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In a two-pronged response to an attempted suicide in a Columbia, SC hospital emergency room, the state prison agency is reviewing its procedures and equipment while the hospital decided to open a separate waiting room for inmates.
On Wednesday, questions were raised about how easily a woman patient was able to pull a gun from a prison officer’s holster and shoot herself in the head at Palmetto Health Richland Tuesday night. The woman remained in critical condition Wednesday.
The Corrections Department acknowledged the armed guard was wearing a low-security holster. A holster’s “retention rating” determines the ease of drawing the weapon.
Neither the hospital nor Columbia police would identify the woman or the corrections officers or discuss the circumstances of the shooting that put other emergency room patients and hospital staff at risk.
Prison spokesman Josh Gelinas released some details about how the inmate was transported.
He said two officers had accompanied a high-risk female inmate for medical treatment when the patient grabbed the gun.
One officer was not armed, as Corrections policy inside hospitals dictates. Gelinas would not explain the reasoning behind the policy, citing security reasons.
One of the guards had been employed since June, he said, but he would not say whether it was the armed guard.
Gelinas would not disclose whether the officers are being disciplined, but they were not at work Wednesday.
“While no policy can protect against every possibility, we will continue to review our policies and procedures,” he said.
Columbia police Capt. Thomas Dodson said he saw the holster from a distance.
“I can only guess it was not a high-level security holster,” said Dodson, whose detectives are leading the investigation. But he added: “Even the best-security holster can be defeated.”
Holsters generally are rated from zero to three, with three being more secure, Dodson said.
The prison agency said it was a Level 1 holster.
The S.C. Department of Health and Environmental Control issues Level 2 holsters to itsroughly 35 law enforcement officers.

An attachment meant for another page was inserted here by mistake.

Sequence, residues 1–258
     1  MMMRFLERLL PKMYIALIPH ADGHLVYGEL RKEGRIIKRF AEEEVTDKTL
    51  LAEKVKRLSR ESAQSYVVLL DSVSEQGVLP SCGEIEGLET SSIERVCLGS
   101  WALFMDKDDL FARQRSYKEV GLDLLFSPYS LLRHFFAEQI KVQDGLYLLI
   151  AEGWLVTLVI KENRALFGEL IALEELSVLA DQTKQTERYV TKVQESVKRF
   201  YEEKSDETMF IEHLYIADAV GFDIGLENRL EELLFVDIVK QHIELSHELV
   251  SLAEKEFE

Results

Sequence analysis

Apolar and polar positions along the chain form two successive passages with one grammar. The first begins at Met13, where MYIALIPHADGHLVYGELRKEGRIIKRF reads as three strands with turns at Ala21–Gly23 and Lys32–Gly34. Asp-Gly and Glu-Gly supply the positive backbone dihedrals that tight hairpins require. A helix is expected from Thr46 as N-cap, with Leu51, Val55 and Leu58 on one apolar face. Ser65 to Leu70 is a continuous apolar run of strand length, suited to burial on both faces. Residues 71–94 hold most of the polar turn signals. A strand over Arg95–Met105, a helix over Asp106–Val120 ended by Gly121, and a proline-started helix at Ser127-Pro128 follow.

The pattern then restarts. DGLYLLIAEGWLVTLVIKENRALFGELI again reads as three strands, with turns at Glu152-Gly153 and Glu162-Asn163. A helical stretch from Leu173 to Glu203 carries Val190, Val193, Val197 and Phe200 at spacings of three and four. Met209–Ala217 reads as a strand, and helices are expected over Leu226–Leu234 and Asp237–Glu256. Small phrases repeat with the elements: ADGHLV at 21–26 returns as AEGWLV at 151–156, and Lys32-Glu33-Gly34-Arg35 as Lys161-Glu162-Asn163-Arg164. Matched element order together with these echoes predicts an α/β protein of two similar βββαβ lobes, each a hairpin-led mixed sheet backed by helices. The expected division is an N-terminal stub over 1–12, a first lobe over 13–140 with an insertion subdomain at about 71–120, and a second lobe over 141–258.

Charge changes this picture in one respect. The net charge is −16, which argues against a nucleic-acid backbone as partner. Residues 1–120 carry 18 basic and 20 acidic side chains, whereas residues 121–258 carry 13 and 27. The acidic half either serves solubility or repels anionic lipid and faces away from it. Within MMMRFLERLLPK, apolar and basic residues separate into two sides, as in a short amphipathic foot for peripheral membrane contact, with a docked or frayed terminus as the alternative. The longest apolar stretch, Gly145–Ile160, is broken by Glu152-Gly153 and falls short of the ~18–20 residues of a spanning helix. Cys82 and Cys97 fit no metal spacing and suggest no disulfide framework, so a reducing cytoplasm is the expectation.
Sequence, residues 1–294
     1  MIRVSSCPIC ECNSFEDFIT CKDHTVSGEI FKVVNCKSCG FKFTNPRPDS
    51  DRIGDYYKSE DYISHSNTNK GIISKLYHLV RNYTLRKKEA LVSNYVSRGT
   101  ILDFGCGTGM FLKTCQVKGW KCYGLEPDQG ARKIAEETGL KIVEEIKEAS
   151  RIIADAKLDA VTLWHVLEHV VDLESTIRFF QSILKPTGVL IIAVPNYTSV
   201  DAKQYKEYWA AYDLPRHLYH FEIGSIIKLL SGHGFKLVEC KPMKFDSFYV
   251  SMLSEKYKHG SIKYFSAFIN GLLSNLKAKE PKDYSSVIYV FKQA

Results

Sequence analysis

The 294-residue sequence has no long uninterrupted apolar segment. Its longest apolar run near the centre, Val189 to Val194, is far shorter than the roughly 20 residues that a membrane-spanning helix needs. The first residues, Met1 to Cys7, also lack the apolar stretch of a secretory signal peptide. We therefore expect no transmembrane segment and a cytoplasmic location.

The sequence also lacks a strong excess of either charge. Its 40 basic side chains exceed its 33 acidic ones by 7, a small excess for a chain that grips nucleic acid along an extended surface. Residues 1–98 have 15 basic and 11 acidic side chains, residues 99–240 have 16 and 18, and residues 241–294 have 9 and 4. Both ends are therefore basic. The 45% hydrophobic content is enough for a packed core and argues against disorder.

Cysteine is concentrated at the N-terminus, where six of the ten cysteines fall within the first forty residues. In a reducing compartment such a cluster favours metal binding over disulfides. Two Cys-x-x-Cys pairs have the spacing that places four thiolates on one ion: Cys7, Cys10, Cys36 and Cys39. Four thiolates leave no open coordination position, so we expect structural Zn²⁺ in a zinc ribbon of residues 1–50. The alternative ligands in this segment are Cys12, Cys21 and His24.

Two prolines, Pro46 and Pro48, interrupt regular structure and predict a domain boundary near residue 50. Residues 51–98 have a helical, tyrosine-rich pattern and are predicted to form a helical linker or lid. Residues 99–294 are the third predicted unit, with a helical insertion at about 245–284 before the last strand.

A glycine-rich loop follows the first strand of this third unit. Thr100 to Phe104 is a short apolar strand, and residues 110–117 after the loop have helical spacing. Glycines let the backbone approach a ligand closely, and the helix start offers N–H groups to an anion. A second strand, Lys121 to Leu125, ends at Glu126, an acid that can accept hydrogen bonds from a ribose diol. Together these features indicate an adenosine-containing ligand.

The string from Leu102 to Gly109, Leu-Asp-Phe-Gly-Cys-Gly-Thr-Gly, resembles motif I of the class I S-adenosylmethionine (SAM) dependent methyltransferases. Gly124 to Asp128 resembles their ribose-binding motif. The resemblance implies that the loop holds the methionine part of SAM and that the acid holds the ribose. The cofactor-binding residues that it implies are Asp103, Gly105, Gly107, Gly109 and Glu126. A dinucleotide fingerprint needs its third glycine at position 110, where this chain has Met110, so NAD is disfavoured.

“One of the things we do — and I certainly hope the Department of Corrections would, too — is semiannual reviews on what to do when someone tries to take your gun,” DHEC spokesman Thom Berry said.
Tim James, third in command at the State Law Enforcement Division and formerly chief of security at Lexington Medical Center, agreed.
“It boils down to weapon retention ... or good training,” James said, declining to discuss the facts of the shooting because SLED is assisting Columbia police.
James and his successor at the West Columbia hospital, Joel Huggins, said law enforcement officers are armed when they are inside hospitals, though there is no written policy.
“It’s a good idea to have that quick response,” James said. “A hospital is a city within a city. Anything that can happen on Main Street USA can happen in a hospital.”
National and S.C. hospital organizations said they are concerned about emergency room safety after Tuesday’s shooting.
“This is certainly an incident we would be concerned about,” said Elizabeth Zhani of The Joint Commission, previously called the Joint Commission on Accreditation of Health Care Organizations. That group accredits 80 percent of the nation’s hospitals, including Palmetto Health Richland.
The commission learned of the shooting from reporters, Zhani said.
Palmetto Health spokeswoman Tammie Epps said it would comply with the timetables for reporting to the commission and state hospital regulators.
The S.C. Hospital Association has no guidelines for situations like this, said spokeswoman Patti Smoake.
“Sometimes you don’t really address things until something tragic happens,” Smoake said, adding the association board might ask for a review.
“It is very serious,” Smoake said. “I’m sure it’s being addressed in hospitals all over the state today.
“I’ve been with the association for 31 years and this is the first time I’ve heard of this happening.”
THE STATE
 
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